The following is a dispatch from Indagare Editorial Director Simone Girner
In the weeks leading up to my Southeast Asia trip, I became a flood junkie, reading anything I could get my hands onto regarding the situation in and around the Thai capital. Some reports compared Bangkok to post-Katrina New Orleans, others stated that once monsoon season ended, the city would take exactly 10 days to completely drain. Insiders and locals I spoke to said that the most important part I could play as a traveler was to go on my trip and support the local economy.
I didn't change my plans and returned to Bangkok, a city of fascinating juxtapositions and one of Asia's most vibrant capitals. And I can report that its current state is a composite of everything I had read: The flooding is everywhere and nowhere.
The biggest difference I noticed on my first morning, waking up in a river-view room at the Mandarin Oriental: The Chao Phraya River was silent. Instead of the incessant, traffic jams of small-to-supersized boats making their way up and down and across this Thai lifeline, there were just a couple of hotel shuttles drifting quickly, and often sideways, down the gushing water. Other than the changed river-picture, however, everyday life continues in central Bangkok as always: buzzing, relentless. Many of the sights and temples, like the Grand Palace, Wat Po and Wat Arun are lined by sandbags, but all is dry and open for business.
Locals, including the staff of many of the luxury hotels lining the river, who cannot afford rents in central Bangkok, have, of course been hard-hit. Especially suburbs to the north remain badly flooded and the government is being accused of leaving these poorer neighborhoods intentionally underwater and instead focusing their efforts on keeping central Bangkok dry. On my first day the International Herald Tribune reported a blast set off by residents in the northern Pathum Thani district, reportedly meant to both sound protest and shift sandbags so that water would begin draining.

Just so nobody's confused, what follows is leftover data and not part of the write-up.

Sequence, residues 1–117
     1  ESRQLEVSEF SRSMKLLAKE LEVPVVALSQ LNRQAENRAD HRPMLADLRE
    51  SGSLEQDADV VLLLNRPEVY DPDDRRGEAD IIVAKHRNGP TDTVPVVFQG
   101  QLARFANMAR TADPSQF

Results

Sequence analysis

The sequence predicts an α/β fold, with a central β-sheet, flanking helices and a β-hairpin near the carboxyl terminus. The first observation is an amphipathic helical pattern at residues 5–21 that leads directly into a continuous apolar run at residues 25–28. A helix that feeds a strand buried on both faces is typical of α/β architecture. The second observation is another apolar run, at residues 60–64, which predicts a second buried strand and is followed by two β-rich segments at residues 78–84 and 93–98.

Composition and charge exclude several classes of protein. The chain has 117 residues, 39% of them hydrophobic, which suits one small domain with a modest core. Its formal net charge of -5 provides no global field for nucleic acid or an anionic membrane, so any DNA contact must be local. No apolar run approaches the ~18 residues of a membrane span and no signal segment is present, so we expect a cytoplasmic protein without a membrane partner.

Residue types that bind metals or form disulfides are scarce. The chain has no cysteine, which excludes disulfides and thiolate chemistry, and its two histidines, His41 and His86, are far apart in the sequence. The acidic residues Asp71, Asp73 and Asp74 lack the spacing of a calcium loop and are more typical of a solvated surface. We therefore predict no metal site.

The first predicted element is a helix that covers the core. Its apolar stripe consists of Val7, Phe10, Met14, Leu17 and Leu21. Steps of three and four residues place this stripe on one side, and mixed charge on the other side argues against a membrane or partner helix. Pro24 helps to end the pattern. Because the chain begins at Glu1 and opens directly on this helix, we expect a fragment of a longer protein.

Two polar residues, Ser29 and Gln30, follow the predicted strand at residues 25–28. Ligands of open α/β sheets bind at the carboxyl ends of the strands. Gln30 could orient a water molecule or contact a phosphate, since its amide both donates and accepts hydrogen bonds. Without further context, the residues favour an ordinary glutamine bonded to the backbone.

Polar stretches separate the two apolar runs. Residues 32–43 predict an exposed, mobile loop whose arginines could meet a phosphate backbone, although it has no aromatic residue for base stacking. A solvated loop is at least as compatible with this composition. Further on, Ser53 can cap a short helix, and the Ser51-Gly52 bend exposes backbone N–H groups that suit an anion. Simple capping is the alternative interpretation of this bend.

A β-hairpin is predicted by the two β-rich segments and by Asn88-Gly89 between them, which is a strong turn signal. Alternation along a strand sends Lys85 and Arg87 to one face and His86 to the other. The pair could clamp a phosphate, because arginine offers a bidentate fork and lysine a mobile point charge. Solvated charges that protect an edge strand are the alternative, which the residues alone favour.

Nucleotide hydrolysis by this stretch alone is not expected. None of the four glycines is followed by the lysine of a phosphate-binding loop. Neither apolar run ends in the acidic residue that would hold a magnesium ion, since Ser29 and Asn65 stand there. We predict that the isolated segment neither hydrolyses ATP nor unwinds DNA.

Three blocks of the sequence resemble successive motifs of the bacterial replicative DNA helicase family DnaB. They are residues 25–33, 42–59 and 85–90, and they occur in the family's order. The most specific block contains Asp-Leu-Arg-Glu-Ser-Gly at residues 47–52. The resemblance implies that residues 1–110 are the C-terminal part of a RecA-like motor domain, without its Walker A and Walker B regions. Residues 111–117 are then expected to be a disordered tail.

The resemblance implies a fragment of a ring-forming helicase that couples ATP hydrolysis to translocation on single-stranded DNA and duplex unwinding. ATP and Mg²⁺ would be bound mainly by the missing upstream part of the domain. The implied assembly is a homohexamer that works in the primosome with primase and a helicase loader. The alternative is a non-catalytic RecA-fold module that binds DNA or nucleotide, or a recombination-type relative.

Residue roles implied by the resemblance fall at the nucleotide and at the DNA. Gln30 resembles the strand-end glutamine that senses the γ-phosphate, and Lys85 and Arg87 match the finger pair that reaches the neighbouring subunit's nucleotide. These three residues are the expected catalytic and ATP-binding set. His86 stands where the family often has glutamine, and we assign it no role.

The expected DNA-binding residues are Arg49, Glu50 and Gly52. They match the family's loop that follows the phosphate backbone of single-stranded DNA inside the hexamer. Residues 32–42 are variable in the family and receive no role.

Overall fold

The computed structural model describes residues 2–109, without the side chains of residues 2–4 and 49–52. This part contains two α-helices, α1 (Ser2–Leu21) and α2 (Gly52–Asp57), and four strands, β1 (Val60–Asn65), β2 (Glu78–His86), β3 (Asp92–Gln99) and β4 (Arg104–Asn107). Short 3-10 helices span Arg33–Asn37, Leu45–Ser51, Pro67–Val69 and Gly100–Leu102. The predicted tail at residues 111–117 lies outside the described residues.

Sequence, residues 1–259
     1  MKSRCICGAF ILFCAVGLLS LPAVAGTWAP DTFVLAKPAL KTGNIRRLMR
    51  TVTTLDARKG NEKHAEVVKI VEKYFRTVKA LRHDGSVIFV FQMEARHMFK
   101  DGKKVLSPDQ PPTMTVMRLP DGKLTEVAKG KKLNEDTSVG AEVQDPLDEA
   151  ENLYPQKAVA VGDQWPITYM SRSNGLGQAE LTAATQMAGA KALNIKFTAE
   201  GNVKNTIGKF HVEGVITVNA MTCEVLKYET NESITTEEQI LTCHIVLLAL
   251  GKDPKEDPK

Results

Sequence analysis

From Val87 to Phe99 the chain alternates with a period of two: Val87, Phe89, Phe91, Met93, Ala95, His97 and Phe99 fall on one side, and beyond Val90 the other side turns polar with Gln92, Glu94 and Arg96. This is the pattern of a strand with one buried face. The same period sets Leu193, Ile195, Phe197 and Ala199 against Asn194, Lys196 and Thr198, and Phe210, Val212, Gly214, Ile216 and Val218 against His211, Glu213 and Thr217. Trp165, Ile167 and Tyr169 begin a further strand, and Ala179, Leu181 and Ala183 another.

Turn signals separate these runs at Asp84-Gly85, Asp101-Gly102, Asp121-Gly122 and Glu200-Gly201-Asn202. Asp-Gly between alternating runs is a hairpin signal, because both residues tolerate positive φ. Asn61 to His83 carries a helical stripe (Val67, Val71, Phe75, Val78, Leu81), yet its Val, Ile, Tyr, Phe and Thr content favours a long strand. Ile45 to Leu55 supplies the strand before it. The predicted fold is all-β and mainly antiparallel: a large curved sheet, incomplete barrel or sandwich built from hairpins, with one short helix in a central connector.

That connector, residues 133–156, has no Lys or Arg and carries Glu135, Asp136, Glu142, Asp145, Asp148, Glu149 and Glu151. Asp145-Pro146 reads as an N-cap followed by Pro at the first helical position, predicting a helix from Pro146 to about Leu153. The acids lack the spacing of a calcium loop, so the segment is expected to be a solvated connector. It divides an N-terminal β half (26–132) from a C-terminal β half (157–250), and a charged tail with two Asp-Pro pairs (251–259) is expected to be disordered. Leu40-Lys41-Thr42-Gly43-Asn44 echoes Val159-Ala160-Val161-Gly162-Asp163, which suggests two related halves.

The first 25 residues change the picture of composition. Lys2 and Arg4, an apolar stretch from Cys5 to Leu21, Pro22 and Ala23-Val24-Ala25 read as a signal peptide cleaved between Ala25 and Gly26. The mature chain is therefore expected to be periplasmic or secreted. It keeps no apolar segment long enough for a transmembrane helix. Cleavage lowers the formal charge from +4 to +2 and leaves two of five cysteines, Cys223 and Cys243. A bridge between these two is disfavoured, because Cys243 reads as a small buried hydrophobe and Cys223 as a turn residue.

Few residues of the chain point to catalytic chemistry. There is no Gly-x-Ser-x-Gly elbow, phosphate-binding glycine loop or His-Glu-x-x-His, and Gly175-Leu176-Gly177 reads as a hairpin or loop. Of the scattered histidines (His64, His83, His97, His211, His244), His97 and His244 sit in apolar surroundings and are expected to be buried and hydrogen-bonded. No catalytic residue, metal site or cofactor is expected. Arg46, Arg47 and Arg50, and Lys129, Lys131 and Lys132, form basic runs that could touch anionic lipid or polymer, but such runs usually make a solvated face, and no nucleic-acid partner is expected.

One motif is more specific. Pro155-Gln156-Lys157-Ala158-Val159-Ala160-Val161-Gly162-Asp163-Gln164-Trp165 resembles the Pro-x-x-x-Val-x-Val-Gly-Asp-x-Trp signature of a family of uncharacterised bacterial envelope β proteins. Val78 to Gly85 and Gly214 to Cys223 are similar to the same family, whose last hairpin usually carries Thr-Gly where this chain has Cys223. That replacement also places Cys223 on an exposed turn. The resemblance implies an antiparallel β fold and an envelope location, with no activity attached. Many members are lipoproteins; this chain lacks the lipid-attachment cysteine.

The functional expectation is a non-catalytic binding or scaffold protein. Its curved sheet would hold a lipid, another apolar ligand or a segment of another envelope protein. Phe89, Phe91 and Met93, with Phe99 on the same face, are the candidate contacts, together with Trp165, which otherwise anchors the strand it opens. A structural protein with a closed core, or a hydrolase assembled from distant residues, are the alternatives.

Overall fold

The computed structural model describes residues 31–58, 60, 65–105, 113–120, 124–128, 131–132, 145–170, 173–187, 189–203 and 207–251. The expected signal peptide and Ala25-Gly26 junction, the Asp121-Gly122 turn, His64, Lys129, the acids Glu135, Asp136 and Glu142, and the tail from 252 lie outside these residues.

"Instead of saying Hello, we now say, 'How's your house?'" explained my wonderful tour guide on our walking tour my first day. He spoke to many of the vendors, who come from all over Thailand to sell their goods in the capital. The floods destroyed the orchid plantations of the center, but left the roses and marigold fields intact. The vegetable plantations of the north were also fine, while some of the rice fields, in the central west were badly damaged. Amazingly many locals he spoke with seemed to take everything with incredible poise, even humor. One merchant told of a housing advertisement he had seen, which stated: "Even higher-floor apartments can be conveniently reached -- by boat."
I asked my guide, who is one of the most entertaining and informed specialists I have ever toured with, whether a lot of his clients had canceled their trips in recent weeks. He said no, many just cut the Bangkok portion of their trips shorter. (The only noticeable change to a Bangkok itinerary is the fact that the klongs, the smaller canals, are closed off and river tours via boat are not possible.) Chiang Mai, Chiang Rai and the Golden Triangle are not effected; nor are the islands, like Koh Samui and Phuket.
"It's wonderful to see that tourists remain supportive and continue coming here," he said. "It's so important for the local people."
And the local people remain some of the kindest, most hospitable hosts one can imagine. Whether it's the vendors at one of the sprawling food markets trying to explain their wares in broken English and a lot of pantomime, or the thoughtful staff at the Oriental, at every turn someone is making you feel welcome and interested in learning more about the culture. Hopefully the flooding situation will continue to greatly improve over the coming weeks and travelers will return in healthy numbers. I, for one, am glad to be here and catch--and support--the city at the end of this challenging, momentous time.
Some great finds on this trip: the Indian Market, a maze of color, fabrics and spices in the middle of Bangkok; the solid Golden Buddha at Wat Trimitr, a fascinating story of discovery (it was hidden beneath stucco for decades); and Taling Pling, a low-key Thai restaurant where the locals outnumber the visitors. I also returned to some of my old-time favorites, like Indian restaurant Hazara, the incredible Distill Bar a top of the State Tower and the pool oasis at the Mandarin Oriental, still the best place to recharge from Bangkok's colorful, unique vivacity.
More on my trip will post soon.
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